A feminist political struggle built on historical experience is crucial for acting in concert against state anti-equality manoeuvres in the gender regime of the country. The women’s Coalition is an important example for this concerted action. The Coalition was founded in 2002 and since then, has worked side by side with women’s rights organizations within the scope of the European Women’s Lobby Coordination in Turkey. It is an integral part of the international women’s movement, which actively monitored and contributed to the constitution of İstanbul Convention. 

Primarily  through social media campaigns, the Women’s Coalition offers a venue to unite women around the world in rejection of the most recent step back by the state and in support of a life without violence. In their viral campaign one twitter thread read as follows:  “Devlet kadına şiddetsiz yaşam  hakkını tanımadı” (The state did not recognize women’s right to life free of violence”) #İstanbulConventionIsOurs, #WeClaimIstanbulConvention. 

At the national level, the Coalition tries to access all relevant bodies, organs, platforms, and initiatives by mobilizing working groups. It has so far approached bar associations, gathered the MPs, and met with law professors. The Coalition constituents meet regularly every week and engage in practices for collaborative reflection on the next steps to take. 

The Coalition is also involved in a search for (new) means to pressure the state to retreat from the withdrawal decision, to prove that it is against the rule of law. In its pursuit, it reviews the lawsuits brought to the Court of State. It addresses the public at national and local levels.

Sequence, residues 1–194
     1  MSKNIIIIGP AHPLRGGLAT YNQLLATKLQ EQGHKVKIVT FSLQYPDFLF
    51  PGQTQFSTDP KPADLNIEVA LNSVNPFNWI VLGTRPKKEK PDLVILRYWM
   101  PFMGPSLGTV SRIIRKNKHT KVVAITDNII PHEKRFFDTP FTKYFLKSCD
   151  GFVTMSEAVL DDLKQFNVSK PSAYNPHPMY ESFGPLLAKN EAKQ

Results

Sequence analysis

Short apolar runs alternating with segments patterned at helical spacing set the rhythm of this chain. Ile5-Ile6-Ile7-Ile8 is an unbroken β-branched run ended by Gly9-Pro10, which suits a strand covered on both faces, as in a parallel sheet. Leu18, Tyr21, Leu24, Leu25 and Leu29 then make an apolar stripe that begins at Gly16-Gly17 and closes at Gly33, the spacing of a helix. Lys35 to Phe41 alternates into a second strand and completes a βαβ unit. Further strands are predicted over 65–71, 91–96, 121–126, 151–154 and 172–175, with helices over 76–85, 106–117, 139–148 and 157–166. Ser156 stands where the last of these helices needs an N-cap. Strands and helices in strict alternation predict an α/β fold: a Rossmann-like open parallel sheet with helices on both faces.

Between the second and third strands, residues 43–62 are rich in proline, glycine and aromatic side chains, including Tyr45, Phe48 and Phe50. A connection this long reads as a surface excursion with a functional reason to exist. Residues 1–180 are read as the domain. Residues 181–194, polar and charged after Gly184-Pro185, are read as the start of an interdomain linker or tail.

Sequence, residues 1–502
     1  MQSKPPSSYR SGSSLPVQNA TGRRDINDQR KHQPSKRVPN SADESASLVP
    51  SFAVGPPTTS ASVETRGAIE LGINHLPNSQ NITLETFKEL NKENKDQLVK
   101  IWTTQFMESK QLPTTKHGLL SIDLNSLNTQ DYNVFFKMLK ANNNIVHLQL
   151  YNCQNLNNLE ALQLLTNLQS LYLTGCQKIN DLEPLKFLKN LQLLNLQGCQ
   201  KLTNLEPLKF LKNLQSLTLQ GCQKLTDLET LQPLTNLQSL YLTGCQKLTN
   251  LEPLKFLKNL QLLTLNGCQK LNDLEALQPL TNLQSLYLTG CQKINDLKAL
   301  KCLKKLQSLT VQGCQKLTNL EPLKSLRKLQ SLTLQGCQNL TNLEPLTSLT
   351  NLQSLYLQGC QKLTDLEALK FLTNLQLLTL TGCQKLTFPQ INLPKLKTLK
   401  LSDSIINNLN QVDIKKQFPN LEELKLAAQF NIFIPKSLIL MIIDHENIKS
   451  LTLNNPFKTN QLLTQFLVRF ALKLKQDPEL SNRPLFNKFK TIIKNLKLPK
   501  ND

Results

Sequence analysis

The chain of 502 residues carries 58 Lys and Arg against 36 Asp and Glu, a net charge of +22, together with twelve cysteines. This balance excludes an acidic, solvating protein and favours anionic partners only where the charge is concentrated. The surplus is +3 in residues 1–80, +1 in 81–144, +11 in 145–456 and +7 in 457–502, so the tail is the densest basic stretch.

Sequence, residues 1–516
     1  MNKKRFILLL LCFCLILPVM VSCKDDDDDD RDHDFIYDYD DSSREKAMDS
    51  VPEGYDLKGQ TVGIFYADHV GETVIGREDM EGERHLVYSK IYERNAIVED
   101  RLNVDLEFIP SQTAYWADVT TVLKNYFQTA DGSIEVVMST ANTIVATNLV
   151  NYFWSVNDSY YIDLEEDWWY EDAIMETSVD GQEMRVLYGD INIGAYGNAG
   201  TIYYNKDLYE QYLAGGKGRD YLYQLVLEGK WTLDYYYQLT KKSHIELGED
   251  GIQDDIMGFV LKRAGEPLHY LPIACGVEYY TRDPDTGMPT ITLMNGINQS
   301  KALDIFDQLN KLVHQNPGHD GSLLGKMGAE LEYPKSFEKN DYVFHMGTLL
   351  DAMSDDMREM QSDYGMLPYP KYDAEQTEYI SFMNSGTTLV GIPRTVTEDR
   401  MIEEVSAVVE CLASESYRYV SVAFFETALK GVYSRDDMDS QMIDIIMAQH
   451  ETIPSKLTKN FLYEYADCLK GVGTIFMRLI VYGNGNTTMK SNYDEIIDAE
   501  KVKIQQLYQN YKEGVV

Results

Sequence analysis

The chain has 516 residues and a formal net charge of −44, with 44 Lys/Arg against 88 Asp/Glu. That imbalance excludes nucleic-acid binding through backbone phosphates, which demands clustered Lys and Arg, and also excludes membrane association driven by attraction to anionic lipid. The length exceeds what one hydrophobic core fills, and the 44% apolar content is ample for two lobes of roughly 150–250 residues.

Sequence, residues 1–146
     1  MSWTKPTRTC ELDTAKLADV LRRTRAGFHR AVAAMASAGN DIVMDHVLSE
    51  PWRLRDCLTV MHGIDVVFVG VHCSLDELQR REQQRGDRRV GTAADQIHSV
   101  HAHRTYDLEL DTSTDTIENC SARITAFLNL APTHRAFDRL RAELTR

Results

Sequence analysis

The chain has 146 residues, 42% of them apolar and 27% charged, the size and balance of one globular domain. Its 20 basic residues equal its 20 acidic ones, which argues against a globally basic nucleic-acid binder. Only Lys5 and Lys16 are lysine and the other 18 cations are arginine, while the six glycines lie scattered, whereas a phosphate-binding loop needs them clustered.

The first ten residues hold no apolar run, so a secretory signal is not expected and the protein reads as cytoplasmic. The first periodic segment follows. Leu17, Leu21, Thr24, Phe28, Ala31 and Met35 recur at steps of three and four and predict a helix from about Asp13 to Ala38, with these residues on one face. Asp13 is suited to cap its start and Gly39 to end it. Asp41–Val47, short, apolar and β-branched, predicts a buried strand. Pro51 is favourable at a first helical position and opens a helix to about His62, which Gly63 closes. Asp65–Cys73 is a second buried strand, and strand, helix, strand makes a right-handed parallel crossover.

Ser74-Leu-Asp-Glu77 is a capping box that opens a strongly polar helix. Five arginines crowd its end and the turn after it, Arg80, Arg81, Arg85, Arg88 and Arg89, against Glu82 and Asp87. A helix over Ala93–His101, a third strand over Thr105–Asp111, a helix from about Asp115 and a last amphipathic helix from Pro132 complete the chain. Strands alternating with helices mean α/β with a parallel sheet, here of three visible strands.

A feminist political struggle built on historical experience is crucial for acting in concert against state anti-equality manoeuvres in the gender regime of the country.

The Coalition did and still does spread its word to multiple sites at the international level, from civil society organizations to regional decision-making bodies like the EU (specifically, European  Parliament, European Commission, European Union Council) as well as to the general public in different countries. It does so by using written, oral and visual material. 

It participated in the Generation Equality Forum, prepared informative visuals, featuring political actors in and outside Turkey who shared their support to present at the UN Commission for the Status of Women. The diversity of Coalition members is helpful in acting at multiple levels, and their established horizontal working patterns facilitate coordinated action. The Women’s  Coalition is determined to continue its multi-level, multi-dimensional activities to keep the İstanbul Convention as a basic international legal document for women’s and LGBTIQ+ rights in Turkey. It is determined to advocate for women’s and LGBTIQ+ people’s right to  life, to live free from violence and the threat of violence, locally, nationally and transnationally until they “build the world for such life.” 

Backlash to gender equality is  rampant all around the world, and Turkey is not exempt. And regime transition that the country has been witnessing over the last decade hosts a conservative discourse that justifies authoritarian policy preferences. The recent presidential decree to withdraw from the İstanbul Convention symbolizes the denial of gender equality, the dismissal of coordinated legal measures to guarantee women’s and  LGBTIQ+ people’s safety and well-being. A transnational feminist struggle is urgent against such attacks on women and LGBTIQ+ rights, which are part and parcel of anti-democratic policy practices. 

Finally, histories are easily lost during regime transitions. The history of the Women’s Coalition relies on its constituent organizations’ past and present activities as well as their collaboration practices. They refrain from starting feminist history all over again by themselves; rather, they  attend to past feminist experiences – a significant leverage at times when facts are so bare clear  that it becomes risky to access them. The decisiveness of Women’s Coalition relies on its hold on  to feminist history despite different modes of patriarchy.